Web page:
Prompt impact of first prospective statin mega-trials on postoperative lipid management of CABG patients: A 20-year follow-up in a single hospital

A. Palomäki, V. Hällberg*, M. Ala-Korpela, P. T. Kovanen, K. Malminiemi

*Corresponding author for this work

Research output: Contribution to journalArticle (Academic Journal)peer-review

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Background: The long-term success of coronary artery bypass grafting (CABG) depends on secondary prevention. Vast evidence provided by the results of cholesterol mega-trials over two decades has shown that effective reduction of LDL cholesterol improves the prognosis of patients with coronary heart disease. However, the implementation of these results into the clinical practice has turned out to be challenging. We analysed how the information derived from clinical statin trials and international recommendations affected the local treatment practices of dyslipidaemia of CABG patients during a 20-year time period. Methods: The cohort includes all CABG patients (n = 953) treated in Kanta-Häme Central Hospital during the time period 1990-2009. At the postoperative visits in the cardiology outpatient clinic, each patient's statin prescription was recorded, and blood lipids were determined. Results: During 1990-1994, 12.0 % of patients were on statins and during the following 5-year time periods the proportion was 57.2, 82.2 and 96.8 %, respectively. During the 20-year observation period (1990-2009), the effective statin dose increased progressively during these 5-year periods up to 36-fold, while the mean concentration of LDL cholesterol decreased from 3.7 to 2.1 mmol/l and that of apolipoprotein B from 1.3 to 0.8 g/l. In the very last year of follow-up, the mean concentrations of LDL-C and apoB were 1.83 mmol/l and 0.78 g/l, respectively. The most prominent increase in statin use and dosage took place during 1994-1996 and 2003-2005, respectively. Conclusions: Among CABG patients the lipid-lowering efficacy of statin therapy improved dramatically since 1994. This progress was accompanied by significant and favourable changes of lipid and apolipoprotein-B values. This study shows that it is possible to effectively improve lipid treatment policy once the results of relevant trials are available, and that this may happen even before international or national guidelines have been updated.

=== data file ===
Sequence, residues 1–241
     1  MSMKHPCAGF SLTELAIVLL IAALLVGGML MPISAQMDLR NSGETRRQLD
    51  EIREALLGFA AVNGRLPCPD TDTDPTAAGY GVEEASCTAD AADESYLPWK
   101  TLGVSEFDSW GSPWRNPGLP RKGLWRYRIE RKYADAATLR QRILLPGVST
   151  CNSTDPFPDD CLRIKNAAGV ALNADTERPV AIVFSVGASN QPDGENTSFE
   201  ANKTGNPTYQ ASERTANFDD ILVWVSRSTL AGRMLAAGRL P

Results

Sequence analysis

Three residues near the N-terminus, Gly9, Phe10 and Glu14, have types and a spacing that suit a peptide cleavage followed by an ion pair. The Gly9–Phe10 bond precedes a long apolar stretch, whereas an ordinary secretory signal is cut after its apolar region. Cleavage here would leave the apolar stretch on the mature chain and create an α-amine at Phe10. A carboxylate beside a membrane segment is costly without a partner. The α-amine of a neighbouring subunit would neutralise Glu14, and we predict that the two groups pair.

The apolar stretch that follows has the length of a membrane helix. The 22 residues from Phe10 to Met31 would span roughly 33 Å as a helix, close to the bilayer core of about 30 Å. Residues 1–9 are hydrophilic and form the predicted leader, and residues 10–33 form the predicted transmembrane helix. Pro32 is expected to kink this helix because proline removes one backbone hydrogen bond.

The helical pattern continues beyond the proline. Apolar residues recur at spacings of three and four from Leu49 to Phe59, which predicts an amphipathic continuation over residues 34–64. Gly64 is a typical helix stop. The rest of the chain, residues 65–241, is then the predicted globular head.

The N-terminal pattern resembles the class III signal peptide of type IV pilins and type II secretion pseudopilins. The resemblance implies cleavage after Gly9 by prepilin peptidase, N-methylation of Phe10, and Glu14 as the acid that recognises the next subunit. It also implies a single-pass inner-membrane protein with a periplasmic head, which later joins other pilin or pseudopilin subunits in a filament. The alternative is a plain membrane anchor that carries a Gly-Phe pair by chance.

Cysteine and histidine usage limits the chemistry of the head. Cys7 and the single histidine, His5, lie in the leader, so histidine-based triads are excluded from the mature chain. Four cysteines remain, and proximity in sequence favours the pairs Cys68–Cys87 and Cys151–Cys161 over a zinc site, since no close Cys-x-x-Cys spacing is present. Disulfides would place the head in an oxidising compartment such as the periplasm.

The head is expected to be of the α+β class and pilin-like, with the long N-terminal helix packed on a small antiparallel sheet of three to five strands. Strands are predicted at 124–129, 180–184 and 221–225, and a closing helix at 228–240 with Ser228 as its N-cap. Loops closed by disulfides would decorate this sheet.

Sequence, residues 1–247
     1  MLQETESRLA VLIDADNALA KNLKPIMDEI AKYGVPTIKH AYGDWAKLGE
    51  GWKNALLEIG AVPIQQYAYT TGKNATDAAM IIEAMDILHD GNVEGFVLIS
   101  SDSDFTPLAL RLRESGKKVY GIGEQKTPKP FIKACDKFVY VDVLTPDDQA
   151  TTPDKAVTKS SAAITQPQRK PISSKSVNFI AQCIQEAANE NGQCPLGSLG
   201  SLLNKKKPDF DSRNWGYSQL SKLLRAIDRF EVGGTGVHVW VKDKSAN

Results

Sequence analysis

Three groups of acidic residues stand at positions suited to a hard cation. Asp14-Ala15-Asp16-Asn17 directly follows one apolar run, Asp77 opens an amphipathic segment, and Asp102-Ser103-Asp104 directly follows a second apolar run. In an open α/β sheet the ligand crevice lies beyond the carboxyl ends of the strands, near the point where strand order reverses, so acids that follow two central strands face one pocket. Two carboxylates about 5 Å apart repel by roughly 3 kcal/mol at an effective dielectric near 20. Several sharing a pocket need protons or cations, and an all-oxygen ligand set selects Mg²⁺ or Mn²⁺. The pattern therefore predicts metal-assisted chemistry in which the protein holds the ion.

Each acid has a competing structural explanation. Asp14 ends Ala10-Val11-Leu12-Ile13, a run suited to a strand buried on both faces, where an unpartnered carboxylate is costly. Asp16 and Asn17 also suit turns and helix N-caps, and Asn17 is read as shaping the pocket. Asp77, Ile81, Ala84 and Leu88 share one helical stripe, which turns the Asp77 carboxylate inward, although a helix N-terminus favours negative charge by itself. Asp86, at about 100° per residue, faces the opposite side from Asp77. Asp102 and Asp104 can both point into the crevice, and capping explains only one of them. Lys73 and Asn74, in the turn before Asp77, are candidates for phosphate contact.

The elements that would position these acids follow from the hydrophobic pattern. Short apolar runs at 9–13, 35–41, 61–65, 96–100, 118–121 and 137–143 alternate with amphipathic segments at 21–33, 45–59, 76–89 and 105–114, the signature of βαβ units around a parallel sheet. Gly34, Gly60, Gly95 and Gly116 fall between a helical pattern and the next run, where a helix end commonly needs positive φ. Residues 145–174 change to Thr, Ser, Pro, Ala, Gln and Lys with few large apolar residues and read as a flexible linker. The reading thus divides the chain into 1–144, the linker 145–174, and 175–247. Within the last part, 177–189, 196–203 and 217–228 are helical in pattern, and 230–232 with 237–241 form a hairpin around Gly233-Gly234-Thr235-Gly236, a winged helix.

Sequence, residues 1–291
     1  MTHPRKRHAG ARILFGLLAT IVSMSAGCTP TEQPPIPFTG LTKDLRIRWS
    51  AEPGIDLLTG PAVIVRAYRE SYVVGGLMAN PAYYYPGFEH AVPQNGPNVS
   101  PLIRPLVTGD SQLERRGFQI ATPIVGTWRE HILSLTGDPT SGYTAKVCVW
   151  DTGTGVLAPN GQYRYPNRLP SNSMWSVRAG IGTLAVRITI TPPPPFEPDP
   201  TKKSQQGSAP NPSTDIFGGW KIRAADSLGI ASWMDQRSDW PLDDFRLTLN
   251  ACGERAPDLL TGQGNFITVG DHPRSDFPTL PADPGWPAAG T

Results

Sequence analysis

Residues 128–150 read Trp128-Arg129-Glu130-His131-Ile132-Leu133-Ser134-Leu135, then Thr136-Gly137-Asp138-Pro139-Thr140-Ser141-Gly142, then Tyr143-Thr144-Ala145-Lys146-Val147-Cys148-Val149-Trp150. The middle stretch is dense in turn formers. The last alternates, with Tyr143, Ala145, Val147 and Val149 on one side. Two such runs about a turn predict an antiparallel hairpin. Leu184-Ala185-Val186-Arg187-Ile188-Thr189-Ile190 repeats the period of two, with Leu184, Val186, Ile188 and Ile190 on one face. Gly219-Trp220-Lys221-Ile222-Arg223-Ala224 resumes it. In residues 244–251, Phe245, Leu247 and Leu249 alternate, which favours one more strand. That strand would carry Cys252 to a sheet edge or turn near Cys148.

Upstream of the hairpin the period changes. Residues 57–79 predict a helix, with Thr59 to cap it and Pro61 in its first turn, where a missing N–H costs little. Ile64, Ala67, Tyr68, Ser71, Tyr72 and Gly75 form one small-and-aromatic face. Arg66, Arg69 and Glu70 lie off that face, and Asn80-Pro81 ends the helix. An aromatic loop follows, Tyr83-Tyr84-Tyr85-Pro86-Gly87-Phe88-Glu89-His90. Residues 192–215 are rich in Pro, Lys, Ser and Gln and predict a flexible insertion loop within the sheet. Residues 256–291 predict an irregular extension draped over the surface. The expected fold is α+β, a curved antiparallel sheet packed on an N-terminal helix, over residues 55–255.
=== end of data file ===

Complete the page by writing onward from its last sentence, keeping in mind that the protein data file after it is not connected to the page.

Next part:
Original languageEnglish
Article number124
Number of pages8
JournalLipids in Health and Disease
Publication statusPublished - 26 Jul 2016


  • ApoB
  • CABG
  • Coronary artery bypass
  • Extended Friedewald
  • LDL cholesterol
  • Lipids
  • Statin intolerance
  • Statins

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